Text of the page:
I think a significant motivator of political extremism is the desire to move from the Trivial to the Tragic plane.

    Reply

  4. The post also reminds me of a passage in Koestler’s sadly-neglected 1950 novel The Age of Longing:

    “Hydie sipped at her glass. Here was another man living in his own portable glass cage. Most people she knew did. Each one inside a kind of invisible telephone box. They did not talk to you directly but through a wire. Their voices came through distorted and mostly they talked to the wrong number, even when they lay in bed with you. And yet her craving to smash the glass between the cages had come back again. If cafes were the home of those who had lost their country, bed was the sanctuary of those who had lost their faith.”

    http://chicagoboyz.net/archives/32345.html

    Reply

    • Posted by Julian O'Dea on December 20, 2016 at 2:05 am

      Thanks for that quote and the comments. They really add something.

      I like this ” If cafes were the home of those who had lost their country, bed was the sanctuary of those who had lost their faith.”

      The modern malaise or accidie or whatever one wants to call it seems to be rooted in the fact that most people don’t face many moments requiring real heroism. Or even endurance. So one is left with “first world problems.” I saw a great deal of hysteria on Facebook, especially among the liberal poets who are so numerous there, about the election of Trump. It is as if they want to dramatise their situation under this president, even though one can be fairly certain that their relatively comfortable lives won’t be affected in reality.

      Reply

  5. I kind of think we do have all those things and the other examples she mentions in her post. We do have non-sexual touching, we do have the breaking of bread between friends and laughter!

    Of course there is a, I suppose you’d call it ‘gnostic’, way around this, a kind of way of turning a dinner party into a kind of competition – I dunno, virtuously making a point about your voluntary dietary restrictions or something like that. But simple human bodily pleasures keep on breaking through.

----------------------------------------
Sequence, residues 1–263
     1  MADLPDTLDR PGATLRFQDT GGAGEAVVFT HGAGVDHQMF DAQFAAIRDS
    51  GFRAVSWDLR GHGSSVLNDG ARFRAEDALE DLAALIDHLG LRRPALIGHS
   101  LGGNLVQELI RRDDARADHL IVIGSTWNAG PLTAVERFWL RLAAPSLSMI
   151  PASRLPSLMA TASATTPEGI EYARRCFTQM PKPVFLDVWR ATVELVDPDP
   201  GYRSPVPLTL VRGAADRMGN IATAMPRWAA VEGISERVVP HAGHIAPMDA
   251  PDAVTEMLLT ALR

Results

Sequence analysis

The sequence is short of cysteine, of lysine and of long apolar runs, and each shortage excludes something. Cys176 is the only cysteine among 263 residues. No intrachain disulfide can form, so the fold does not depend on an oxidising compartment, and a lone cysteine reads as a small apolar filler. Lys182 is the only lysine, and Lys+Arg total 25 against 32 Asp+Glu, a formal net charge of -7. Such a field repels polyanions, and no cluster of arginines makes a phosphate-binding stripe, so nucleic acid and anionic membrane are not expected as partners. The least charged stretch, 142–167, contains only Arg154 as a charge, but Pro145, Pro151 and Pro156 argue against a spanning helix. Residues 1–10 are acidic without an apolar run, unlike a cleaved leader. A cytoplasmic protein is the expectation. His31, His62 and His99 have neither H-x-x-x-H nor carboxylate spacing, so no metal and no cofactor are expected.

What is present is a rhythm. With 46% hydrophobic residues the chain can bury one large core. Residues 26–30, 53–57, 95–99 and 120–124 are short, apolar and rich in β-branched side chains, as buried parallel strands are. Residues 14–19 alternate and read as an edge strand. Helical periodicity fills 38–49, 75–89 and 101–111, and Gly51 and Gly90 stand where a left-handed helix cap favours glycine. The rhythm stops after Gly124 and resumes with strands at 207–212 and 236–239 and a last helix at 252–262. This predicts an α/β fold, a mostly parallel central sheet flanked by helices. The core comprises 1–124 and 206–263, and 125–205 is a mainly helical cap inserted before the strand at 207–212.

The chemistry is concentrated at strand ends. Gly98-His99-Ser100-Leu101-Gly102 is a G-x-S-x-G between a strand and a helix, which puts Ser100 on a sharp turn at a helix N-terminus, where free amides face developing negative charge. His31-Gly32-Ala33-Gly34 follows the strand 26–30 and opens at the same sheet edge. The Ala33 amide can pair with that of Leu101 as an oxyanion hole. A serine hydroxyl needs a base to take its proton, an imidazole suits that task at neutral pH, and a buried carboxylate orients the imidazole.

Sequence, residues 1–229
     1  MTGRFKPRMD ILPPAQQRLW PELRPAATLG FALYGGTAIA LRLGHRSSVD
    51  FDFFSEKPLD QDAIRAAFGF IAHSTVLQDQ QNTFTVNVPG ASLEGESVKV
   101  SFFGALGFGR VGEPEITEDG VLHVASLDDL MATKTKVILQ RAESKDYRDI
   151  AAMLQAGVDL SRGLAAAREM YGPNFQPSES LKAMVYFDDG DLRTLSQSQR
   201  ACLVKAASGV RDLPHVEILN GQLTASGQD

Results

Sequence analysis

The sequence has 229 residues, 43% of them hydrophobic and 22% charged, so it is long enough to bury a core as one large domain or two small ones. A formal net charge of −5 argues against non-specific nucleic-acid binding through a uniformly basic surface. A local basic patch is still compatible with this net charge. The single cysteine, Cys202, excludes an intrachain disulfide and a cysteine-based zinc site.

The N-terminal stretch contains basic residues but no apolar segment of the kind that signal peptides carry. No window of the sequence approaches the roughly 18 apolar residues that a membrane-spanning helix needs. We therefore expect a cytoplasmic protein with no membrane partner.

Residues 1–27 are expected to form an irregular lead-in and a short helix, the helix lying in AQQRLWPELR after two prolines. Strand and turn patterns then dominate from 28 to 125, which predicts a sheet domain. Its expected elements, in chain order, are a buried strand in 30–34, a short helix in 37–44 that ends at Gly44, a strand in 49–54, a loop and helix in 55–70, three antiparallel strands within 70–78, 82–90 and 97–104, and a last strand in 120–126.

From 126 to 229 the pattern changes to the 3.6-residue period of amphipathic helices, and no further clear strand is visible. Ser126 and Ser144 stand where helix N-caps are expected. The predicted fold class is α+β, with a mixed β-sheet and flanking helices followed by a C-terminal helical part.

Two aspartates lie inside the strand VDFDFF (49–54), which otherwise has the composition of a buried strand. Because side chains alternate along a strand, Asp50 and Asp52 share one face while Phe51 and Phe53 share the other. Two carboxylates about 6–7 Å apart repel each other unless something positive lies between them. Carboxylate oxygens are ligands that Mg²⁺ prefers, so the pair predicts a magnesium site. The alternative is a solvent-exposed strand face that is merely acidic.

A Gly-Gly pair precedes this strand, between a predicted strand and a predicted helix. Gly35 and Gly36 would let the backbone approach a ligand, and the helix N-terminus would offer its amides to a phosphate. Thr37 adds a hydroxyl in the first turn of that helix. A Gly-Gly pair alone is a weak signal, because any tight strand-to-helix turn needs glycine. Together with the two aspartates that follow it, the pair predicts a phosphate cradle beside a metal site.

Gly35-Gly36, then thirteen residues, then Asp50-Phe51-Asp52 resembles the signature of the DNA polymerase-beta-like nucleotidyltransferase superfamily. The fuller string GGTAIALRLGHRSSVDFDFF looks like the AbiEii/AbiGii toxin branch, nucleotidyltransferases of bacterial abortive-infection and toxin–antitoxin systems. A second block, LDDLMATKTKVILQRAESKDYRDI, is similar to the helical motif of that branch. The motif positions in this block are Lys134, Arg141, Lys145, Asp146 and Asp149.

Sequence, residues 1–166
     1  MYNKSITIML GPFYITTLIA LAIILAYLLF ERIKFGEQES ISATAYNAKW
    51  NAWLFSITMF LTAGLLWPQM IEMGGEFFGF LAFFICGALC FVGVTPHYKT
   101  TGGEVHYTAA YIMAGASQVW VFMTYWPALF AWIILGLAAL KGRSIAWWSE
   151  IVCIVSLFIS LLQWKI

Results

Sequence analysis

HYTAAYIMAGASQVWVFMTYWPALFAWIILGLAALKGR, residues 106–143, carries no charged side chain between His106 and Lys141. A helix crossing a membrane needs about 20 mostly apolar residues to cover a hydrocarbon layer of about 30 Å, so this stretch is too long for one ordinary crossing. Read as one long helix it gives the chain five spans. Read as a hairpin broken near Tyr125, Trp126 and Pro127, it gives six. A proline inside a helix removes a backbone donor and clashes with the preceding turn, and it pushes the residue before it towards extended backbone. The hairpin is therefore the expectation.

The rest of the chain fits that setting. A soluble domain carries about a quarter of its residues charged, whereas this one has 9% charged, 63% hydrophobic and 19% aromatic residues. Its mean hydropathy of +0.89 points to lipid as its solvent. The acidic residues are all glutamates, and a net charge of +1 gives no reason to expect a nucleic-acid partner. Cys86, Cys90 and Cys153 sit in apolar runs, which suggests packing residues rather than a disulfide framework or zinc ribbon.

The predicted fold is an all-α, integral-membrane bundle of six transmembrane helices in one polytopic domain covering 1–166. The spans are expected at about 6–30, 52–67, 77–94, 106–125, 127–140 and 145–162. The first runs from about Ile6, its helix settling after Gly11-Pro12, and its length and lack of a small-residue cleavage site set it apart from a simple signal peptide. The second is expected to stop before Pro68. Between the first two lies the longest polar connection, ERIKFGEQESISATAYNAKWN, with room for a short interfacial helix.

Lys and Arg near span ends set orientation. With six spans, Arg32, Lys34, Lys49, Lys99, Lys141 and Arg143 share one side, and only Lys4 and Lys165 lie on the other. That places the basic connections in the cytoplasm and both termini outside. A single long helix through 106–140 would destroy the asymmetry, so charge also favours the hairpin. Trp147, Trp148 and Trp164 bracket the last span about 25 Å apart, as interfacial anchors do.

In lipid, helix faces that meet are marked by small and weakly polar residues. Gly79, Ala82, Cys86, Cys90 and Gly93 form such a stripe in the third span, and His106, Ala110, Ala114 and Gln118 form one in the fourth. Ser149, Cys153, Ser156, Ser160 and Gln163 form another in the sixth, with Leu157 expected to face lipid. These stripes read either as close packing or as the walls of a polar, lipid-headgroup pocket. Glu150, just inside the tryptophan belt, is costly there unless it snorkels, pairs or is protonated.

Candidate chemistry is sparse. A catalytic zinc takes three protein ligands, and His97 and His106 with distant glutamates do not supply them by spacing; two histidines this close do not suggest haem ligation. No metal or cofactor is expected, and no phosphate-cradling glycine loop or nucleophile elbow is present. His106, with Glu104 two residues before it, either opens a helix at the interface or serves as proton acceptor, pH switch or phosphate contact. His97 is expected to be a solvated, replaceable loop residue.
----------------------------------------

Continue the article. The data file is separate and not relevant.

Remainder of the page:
Reply

  6. Posted by RichardP on December 20, 2016 at 5:25 am

    Julian says “Modern Westerners have rather few … unmediated contacts with human and animal nature, and with the elements. An elemental experience that I have always remembered was being on a commercial fishing boat about to leave port …”

    I also remember a boat experience from when I was in Jr. High School. A group of men and the son of one and his friend (me) went out to sea to fish – to the ocean across the sand bar that is at the mouth of the Columbia River. The sand bar was always covered with dangerously rough water. Out to sea, one of the men had a heart attack. I remember the palpable fear of the men as they navigated that boat back across the rough waters of the sand bar – trying to be as gentle as they could for the sake of their friend. If memory serves correctly, he survived the passage back and was whisked to the hospital, where he recuperated.

    A more earth memory of animal contact; I worked for a dairy farmer while in high school. I was with him one day when one of his cows was sick and couldn’t get up. He needed to move her out of her stall so he could clean it. He took a heavy chain and fastened one end around the cows tail where it connected with the body. Connected the other end to his tractor, put it in gear, and slowly pulled the animal clear of her stall. I was appalled, but learned then and there that cows tails are strong enough to do that with.

    Folks that live around farmers or fishermen (or probably millworkers and others) have a different understanding of “life” than those raised in the city.

    Reply

  7. Posted by RichardP on December 20, 2016 at 5:30 am

    A more – earthy – memory of animal contact:

    Reply